Tuesday, July 20, 2010

Whisky Galore – Compton Mackenzie

Starting off with some of my holiday reading and the intention of writing a list of things I want to commit to blog before I forget (or give in under the pressure of getting pictures from camera to blogger – why does this turn into such a struggle on such a regular basis?) I think I did pretty well reading wise whilst away – I worked my way through 3 and a ½ books which given all the other things we were doing – and serious attention given to whisky drinking is included in those activities, is a respectable number.

Since reading ‘The Monarch of the Glen’ ‘Whisky Galore’ jumped up to the top of the pile. It’s been one of my favourite films for a long time which was the reason that a previous attempt to read it got nowhere. Book and film have relatively little in common; the film (for those who have seen it and know what I’m talking about) takes one element of the story, condenses it and adds considerably more drama. It’s a great film. The book takes the scenic route starting with a love story and a recalcitrant father and of course a desperate shortage of whisky. The islands are dry and the islanders don’t like it. In the fullness of time the SS Cabinet Minister comes aground with a payload of whisky bound for America. The islanders spring into action to liberate the water of life, which once in their possession starts to solve all their problems. It’s a great book.

Mackenzie writes with knowledge and affection (just in case anyone doesn’t know the story the SS Politician went down off Eriskay in 1941 carrying amongst other things 28000 cases of whisky much of which was looted, this isn’t so much a fictionalised account of what happened as delight in a good story.) It made perfect reading for a rainy Sunday on an island, and is a book destined to be re read when I’m feeling nostalgic, homesick, or in need of something gently amusing generally. I loved the reminders of a gentler, slower pace of life, one which admits the possibilities of poetry and fairies (poetic Gaelic ones) and deep inbred cunning.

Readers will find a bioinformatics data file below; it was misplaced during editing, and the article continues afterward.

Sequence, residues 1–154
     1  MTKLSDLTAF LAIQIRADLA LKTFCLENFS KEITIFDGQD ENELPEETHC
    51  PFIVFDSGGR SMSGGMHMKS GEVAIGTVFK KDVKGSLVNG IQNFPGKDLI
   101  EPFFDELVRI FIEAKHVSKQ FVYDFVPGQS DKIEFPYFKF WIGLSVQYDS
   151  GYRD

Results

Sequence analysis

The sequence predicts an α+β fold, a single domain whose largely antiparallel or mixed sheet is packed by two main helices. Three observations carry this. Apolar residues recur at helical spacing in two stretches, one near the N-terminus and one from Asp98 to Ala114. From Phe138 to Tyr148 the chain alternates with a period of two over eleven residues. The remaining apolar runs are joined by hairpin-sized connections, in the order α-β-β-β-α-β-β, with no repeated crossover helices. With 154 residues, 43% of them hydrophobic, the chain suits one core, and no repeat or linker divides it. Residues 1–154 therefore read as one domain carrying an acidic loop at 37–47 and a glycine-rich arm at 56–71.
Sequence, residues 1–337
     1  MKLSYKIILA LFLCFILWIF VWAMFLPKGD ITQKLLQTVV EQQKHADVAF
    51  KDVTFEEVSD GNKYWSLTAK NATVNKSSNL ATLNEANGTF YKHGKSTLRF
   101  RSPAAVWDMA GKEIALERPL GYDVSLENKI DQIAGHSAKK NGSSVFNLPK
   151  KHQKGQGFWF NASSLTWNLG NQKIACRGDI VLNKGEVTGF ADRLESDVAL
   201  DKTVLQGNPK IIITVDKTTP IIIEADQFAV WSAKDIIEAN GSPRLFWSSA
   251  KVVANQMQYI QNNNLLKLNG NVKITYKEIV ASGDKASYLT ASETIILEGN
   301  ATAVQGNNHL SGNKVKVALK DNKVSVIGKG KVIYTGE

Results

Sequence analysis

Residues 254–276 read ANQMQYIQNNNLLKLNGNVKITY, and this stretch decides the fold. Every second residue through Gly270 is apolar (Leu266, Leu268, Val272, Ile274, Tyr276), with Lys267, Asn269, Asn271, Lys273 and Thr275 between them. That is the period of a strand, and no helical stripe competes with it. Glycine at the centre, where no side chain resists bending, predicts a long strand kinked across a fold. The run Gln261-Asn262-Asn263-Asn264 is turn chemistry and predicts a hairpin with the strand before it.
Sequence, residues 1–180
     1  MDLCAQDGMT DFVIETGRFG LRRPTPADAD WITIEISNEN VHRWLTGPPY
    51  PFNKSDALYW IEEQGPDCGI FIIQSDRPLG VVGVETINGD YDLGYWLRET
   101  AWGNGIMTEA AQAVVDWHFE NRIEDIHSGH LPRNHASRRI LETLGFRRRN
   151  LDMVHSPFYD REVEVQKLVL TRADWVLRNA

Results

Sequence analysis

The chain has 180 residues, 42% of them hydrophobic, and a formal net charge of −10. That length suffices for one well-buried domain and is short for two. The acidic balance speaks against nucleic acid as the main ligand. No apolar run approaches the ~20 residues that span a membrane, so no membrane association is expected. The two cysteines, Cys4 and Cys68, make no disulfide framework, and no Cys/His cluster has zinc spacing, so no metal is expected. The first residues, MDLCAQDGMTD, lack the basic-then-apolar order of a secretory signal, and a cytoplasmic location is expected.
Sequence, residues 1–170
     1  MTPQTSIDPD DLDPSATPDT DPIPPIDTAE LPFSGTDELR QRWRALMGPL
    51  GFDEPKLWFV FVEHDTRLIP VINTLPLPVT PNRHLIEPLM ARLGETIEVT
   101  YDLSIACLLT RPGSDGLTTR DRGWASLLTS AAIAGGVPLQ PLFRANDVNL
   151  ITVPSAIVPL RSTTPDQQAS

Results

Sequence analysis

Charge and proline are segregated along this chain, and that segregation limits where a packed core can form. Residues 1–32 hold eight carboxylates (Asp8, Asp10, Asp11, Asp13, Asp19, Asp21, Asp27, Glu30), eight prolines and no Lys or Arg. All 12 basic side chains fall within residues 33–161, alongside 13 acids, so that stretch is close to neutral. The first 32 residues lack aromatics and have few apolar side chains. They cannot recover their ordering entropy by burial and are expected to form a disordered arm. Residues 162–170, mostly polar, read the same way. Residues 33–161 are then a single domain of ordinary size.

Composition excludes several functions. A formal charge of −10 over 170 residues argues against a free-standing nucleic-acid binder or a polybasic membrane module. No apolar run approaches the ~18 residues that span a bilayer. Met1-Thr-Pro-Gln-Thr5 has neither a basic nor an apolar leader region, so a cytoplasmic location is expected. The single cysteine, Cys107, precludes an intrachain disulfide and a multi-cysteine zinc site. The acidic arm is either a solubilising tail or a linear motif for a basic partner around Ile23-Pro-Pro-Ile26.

I think Mackenzie wanted these reminders too; I don’t doubt that he’s writing with an eye to change, by 1947 when ‘Whisky Galore’ was published it must have been clear even in the outlying Hebrides that elements of the culture and community would disintegrate under the pressure of modern life, but I don’t want to get carried away with the idea that this is all the book is about. To my mind it’s mostly a cracking good story which will tell you a lot about Island psychology and why some people thrive and others fail in this environment. I would love to quote at this point, but when I look through the pages for something suitable I find myself reading long past the point where quotation is reasonable so will just say again – it’s a terrific read.

I should also say that the edition pictured is the current Vintage one, the edition I read is a particularly ugly penguin (a cover which won’t be making its way into any postcard collections, and which I know that penguin have since improved on). It might not be a looker but my copy does have a handy Gaelic glossary and phonetics guide at the back, I’m assuming this is standard, but just in case it isn’t and just in case you feel you might want to read it having the glossary was a definite bonus – it’s given me this for example ‘A bhòbh bhòbh’ (a vov vov) – exclamation of despair, which I find myself using from time to time now I’m back at work (only in my head so far) somehow it perfectly sums up that post holiday feeling.


  1. I've never read the book but I did love the Ealing comedy of this - I should go back and read it now - your review makes it appeal. And it sounds perfect for your holiday.

  2. The Ealing version is one of my favourite films of all time Verity:)